The crazier the world gets—and it’s been especially crazy lo these past few years—the more I crave simplicity. Based on my first two posts of 2020, this longing applies to picture books as well. This month’s pick? The Perfect Seat by Minh Lê, illustrated by Gus Gordon (Disney-Hyperion, 2019).
Like Good Boy (featured last month), The Perfect Seat has few words—just over 60 in all. Also like that book, it’s fully formed despite its brevity and works on several levels. As a writer (and reader), here’s what I liked:
1. The story starts before the title page. I like when picture books draw us in as soon as we crack them open and incorporate the title into the preceding text. It’s like a little appetizer before the main course.
2. It’s simple yet satisfying. Papa Moose and his little boy have a brand new book. But they need just the right place to read it. Will they find it? It’s a classic story structure: The protagonists want something, search and search without success, then—Eureka!—they find it. Mission accomplished.
3. It’s relatable. Whether you’re a kid or a grown-up, it IS important to find just the right seat when reading. Yes, dedicated readers will read anywhere, but the experience is so much better when you’re curled up in your favorite spot.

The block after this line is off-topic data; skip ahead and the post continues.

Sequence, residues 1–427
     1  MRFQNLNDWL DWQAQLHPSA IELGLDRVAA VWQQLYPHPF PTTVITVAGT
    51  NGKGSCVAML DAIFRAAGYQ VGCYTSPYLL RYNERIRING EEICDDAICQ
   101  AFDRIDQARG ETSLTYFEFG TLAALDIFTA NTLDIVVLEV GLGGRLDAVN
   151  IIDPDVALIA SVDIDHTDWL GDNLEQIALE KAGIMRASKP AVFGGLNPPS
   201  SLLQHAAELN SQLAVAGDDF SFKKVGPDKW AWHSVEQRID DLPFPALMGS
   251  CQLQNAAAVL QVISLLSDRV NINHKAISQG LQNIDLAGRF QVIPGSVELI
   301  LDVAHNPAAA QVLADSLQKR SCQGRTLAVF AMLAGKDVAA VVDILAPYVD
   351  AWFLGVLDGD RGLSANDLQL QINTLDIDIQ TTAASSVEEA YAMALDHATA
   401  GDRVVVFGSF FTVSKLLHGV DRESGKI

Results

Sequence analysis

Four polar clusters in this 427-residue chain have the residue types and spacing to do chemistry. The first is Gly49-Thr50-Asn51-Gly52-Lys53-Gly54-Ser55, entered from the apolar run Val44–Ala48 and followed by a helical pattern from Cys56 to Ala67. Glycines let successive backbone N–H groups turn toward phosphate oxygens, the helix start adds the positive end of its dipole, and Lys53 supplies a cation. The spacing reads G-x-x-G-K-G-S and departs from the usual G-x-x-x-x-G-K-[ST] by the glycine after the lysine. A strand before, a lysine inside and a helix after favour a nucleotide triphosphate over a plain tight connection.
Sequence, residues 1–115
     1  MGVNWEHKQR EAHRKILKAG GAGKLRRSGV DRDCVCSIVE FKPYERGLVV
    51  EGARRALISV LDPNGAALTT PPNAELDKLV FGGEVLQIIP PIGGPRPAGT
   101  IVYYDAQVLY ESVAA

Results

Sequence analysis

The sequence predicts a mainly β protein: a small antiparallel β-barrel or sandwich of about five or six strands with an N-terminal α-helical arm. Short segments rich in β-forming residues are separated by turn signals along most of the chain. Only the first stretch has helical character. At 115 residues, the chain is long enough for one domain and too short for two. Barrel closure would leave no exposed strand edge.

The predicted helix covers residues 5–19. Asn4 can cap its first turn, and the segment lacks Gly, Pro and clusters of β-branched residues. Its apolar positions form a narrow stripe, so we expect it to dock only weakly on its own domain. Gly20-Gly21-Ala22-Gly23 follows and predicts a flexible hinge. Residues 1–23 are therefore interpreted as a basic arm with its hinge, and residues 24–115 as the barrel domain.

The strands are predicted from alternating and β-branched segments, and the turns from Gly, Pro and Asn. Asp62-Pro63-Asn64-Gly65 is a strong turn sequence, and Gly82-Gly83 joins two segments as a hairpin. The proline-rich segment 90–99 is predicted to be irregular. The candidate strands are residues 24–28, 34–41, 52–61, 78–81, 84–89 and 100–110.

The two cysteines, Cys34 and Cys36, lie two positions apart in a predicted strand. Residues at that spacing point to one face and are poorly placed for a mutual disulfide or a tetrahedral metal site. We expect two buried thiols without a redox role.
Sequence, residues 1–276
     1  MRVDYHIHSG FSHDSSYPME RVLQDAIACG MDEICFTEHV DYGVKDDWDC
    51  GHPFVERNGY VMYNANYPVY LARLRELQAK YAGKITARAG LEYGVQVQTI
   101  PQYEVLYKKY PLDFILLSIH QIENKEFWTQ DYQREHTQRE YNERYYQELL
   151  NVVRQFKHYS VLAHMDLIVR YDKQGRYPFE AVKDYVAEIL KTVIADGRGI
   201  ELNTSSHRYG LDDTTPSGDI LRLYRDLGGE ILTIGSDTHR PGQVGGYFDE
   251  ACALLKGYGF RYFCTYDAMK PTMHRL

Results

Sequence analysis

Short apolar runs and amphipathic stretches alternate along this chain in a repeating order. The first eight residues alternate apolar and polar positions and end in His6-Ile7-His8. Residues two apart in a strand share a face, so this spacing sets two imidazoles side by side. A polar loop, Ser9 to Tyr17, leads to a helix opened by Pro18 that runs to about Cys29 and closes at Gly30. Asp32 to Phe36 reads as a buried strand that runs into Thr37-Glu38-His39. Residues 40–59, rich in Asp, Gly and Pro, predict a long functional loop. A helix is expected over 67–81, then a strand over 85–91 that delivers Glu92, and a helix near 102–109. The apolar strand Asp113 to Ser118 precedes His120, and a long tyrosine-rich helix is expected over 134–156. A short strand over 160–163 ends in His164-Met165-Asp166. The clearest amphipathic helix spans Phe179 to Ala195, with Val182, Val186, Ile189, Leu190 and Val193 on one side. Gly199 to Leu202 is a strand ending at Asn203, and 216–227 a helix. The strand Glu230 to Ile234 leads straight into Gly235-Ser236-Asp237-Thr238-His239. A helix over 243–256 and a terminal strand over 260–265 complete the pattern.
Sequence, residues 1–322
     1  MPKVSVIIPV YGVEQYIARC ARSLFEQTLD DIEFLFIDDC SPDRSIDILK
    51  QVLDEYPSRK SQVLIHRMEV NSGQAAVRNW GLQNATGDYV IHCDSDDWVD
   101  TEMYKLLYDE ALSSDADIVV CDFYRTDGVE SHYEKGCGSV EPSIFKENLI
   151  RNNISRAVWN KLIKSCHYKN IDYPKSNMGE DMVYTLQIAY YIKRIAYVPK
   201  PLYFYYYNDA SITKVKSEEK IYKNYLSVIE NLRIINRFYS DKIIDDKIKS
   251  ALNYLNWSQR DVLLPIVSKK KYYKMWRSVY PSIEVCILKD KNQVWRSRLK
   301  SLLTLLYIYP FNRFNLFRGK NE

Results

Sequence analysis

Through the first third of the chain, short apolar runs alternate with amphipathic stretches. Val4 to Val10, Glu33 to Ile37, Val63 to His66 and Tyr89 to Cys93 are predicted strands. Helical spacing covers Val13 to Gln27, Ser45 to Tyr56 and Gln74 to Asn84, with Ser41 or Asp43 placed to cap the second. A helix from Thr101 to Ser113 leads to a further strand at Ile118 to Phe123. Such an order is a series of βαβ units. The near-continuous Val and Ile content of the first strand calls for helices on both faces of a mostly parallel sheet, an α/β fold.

4. It’s a lesson in opposites. Papa and son try a range of seats that just won’t do—they’re too big/too small, too old/too new, etc.—adding another layer to the story.
5. The pattern is broken, adding interest and humor. Just when you think the book consists of a string of opposites, Minh Lê shakes things up. Papa Moose, wild-eyed on a tire swing, asks: Should the perfect seat make you this dizzy? (Apologies that my camera doesn’t do justice to Gus Gordon’s warm and appealing art.)
I also like that this spread, with “Too Thin” on the right, made way for the following spread, one of my favorites in the book:
6. It ends on a sweet note. Like Good Boy, the book has a cozy “Aww” ending. Papa despairs of ever finding the right spot and plops down dejectedly beneath a tree. His son cries “Found it!” and leaps into his lap, ending with a word that sums up the whole book: PERFECT.
7. The endpapers continue the story. I’ve never used my master’s degree in Urban Planning professionally, but I love studying places and I LOVE maps! The endpapers show the little town and the various spots the two have visited—the bookstore, the tire swing, the too-wide bench. I can imagine kids poring over the endpapers and retelling the whole story.
And there it is: a beautiful little respite from the madness.
Where’s your favorite reading spot? Mine is at one end of the couch in my office, my husband at the other, with Sammy sprawled in between. Here she is, waiting for company…
Thanks for reading. Hope you’re doing it in exactly the right spot!